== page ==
There has been some confusion between "In memory storage of configuration data" and "Simple persistent storage of configuration data". Part of the problem is that almost every configuration storage system (including ConfigParser, optparse, and getopt) comes with its own in-memory API. In memory needs a good programmer API. Persistent needs a good user API, and may not need to reflect the full power of the in-memory. How should we separate these?
I (VinaySajip) think these concerns are to some extent orthogonal. Access to values should be powerful but easy, whether the data comes from a persistent store or not. I presume that's what you mean by 'programmer API'. If by 'Persistent needs a good user API' you mean 'The file format should be easy to use', I agree. Or is there some other aspect of 'user API', other than the file format, which I'm missing?
Yes. They are orthogonal. But an API that is good for programmers (needed in-memory) is different from one that is good for users (needed for the persistent storage). Part of the problem is that most configuration solutions have tried to do both at once -- anything that could be represented by the program had to be represented by the text file (and often in exactly the same way), so either the text format got unwieldy, or the configuration options were too limited. -- JimJJewett
ConfigParser NG Goals: Competing Concepts
Keep It Simple And Useful
In this target, the existing ConfigParser interface is cleaned up and modernized. Features such as string interpolation should be separated out from the base ConfigParser class, in order to lower the entry level for usage and the overall simplicity of the base class.
Attribute and mapping-like access should not be included, as it teaches the Python beginner a bad habit early on in their programming life. Both are essentially syntactic hacks, attribute access also places unnecessary restrictions on the key item - it must be matched by [a-zA-Z_][a-zA-Z0-9_]+ (ie. Python identifier).
There is no single standard library module that I swear at more often than ConfigParser. It is beyond disgusting, yet it's core functionality is infinitely useful in nearly every small application I write. In none of these applications would a more complex configuration system be used, so adding a "ConfigParser2" in the style of urllib2 (needless complexity) would not benefit me at all. I suspect this is the case for most current users of the ConfigParser module. -- DavidWilson.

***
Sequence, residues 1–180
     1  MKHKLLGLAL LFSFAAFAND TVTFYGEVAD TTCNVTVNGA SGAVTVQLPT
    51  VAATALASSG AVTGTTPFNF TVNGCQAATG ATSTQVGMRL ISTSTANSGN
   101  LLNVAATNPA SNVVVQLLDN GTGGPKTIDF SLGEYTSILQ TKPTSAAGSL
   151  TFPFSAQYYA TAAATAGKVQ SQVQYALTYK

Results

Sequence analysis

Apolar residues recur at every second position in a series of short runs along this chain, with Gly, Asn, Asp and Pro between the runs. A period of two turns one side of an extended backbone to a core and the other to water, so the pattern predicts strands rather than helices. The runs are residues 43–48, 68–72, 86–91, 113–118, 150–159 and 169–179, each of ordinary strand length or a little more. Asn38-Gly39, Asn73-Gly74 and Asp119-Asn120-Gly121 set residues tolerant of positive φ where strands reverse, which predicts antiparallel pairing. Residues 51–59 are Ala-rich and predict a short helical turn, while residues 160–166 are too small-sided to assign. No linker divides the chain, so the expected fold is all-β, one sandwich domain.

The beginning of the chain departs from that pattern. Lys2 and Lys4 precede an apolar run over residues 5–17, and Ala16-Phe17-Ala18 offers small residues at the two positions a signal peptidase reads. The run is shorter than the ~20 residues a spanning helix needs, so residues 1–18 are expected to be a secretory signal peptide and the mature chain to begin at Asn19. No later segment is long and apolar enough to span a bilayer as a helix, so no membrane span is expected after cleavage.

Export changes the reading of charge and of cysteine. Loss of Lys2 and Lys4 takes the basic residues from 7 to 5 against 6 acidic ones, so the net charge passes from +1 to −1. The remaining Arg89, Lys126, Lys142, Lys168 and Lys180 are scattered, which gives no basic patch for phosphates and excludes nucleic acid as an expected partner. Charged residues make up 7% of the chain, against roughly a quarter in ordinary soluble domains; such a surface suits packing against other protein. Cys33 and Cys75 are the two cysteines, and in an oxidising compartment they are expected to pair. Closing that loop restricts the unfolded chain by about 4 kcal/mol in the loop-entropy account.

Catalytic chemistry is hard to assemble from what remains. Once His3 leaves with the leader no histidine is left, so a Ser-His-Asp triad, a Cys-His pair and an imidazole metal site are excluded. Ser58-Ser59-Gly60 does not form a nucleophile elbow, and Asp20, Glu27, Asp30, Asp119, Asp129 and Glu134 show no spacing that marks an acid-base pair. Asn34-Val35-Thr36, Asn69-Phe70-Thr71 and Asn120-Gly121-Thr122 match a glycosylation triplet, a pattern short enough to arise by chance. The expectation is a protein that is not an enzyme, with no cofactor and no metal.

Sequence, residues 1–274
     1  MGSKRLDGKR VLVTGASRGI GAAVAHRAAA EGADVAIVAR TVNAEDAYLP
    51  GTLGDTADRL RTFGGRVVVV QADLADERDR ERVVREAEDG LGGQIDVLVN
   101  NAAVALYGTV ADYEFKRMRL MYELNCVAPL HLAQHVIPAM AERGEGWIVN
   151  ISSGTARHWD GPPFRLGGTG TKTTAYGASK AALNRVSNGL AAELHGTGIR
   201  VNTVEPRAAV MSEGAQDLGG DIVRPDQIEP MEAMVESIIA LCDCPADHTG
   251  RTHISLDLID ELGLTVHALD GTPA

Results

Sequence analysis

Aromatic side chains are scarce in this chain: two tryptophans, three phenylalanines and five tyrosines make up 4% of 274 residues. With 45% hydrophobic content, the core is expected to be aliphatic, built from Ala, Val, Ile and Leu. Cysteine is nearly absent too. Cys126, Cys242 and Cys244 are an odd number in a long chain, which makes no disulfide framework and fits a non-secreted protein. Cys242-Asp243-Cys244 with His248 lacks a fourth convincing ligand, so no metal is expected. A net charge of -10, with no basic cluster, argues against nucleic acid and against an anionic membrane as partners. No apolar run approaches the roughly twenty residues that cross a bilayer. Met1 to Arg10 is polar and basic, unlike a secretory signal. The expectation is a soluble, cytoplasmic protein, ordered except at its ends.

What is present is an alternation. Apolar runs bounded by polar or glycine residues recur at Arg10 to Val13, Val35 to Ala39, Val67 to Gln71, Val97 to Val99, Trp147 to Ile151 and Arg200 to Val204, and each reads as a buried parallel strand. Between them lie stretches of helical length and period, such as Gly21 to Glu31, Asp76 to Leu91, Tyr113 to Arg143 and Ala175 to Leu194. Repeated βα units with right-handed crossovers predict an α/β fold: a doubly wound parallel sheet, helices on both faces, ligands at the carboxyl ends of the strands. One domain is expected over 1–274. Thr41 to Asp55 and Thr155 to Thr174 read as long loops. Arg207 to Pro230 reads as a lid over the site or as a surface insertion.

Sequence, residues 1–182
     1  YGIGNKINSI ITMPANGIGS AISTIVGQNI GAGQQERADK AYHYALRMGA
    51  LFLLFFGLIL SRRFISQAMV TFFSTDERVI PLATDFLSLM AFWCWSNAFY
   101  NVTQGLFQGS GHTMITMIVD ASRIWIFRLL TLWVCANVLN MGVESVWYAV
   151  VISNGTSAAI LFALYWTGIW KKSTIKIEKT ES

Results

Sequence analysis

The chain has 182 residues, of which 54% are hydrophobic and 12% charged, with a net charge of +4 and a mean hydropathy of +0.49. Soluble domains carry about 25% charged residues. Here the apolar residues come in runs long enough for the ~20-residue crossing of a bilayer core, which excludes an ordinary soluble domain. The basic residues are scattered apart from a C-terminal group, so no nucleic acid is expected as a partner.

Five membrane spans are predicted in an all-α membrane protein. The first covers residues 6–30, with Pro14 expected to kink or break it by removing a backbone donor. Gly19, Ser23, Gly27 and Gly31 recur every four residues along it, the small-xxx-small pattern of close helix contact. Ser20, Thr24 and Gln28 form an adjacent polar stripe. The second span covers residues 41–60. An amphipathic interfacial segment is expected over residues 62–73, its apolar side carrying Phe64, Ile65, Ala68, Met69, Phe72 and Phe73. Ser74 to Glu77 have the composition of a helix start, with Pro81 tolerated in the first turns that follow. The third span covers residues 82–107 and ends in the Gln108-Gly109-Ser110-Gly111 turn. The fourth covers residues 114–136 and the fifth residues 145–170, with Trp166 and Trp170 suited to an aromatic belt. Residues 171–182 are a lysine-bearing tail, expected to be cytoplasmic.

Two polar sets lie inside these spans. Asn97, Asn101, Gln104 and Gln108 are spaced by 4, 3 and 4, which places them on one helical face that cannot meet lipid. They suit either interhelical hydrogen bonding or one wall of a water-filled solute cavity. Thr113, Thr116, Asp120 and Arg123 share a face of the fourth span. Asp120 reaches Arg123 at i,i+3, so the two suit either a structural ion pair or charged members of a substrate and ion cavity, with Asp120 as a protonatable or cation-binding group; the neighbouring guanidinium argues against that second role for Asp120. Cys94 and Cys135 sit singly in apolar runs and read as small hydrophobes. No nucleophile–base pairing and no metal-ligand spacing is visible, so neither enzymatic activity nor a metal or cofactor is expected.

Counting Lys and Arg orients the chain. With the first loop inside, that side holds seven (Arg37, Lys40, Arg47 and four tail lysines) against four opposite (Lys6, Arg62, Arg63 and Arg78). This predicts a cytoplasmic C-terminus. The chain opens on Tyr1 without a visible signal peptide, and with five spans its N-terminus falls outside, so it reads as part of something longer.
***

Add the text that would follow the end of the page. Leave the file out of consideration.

- Beginners: a Python beginner will have an easier time moving from defining his program configuration inline, to having a user-editable external configuration. The simplicity of the implementation would also make a good reference for simple, clean Python.
This is similar to how the old ConfigParser worked, only better.
Involves no wheel reinvention, only natural improvement that won't ruffle existing users' feathers. No major extension of the existing ConfigParser concept is involved.
- Functionality: without sacrificing simplicity, we cover 90% or more of the common use cases for the module.
- Only very simple data storage is supported, although this is sufficient for many common cases.
- Most data validation is left to the end user of the module.
- Multiple data formats are not supported, although this could be seen as a Pro, depending on your point of view.
A variety of alternate configuration parsers are linked from the ConfigParserShootout page.
Rich, Complex Data Storage
Many programs are built these days by assembling components together, and Python programs are no exception. In general, the designer may choose to expose multiple configuration points, and will benefit if there is one standard way of doing so. From the perspective which views programs as hierarchical constructions of configurable components, it would seem to follow logically that configuration of the components should also be hierarchical in nature. The two-level (section, key) model as exemplified by the present ConfigParser does not offer sufficient power. If it did, why does Windows need a registry?
I've posted a more detailed proposal on the HierConfig page.
- Needn't be harder to use than .ini files.
- Not necessarily verbose like XML.
- Provides much more expressive power than .ini files.
- Not standard like XML, so people have to spend more time learning it.
Rich, complex data storage is already accomplished in a popular, industrial standard called XML, including schema validation (DTDs). Why, really, reinvent the wheel?
Not really a con, since XML is overly verbose for many scenarios. -- VinaySajip
- Should this not be provided by a different module that supports complex data storage?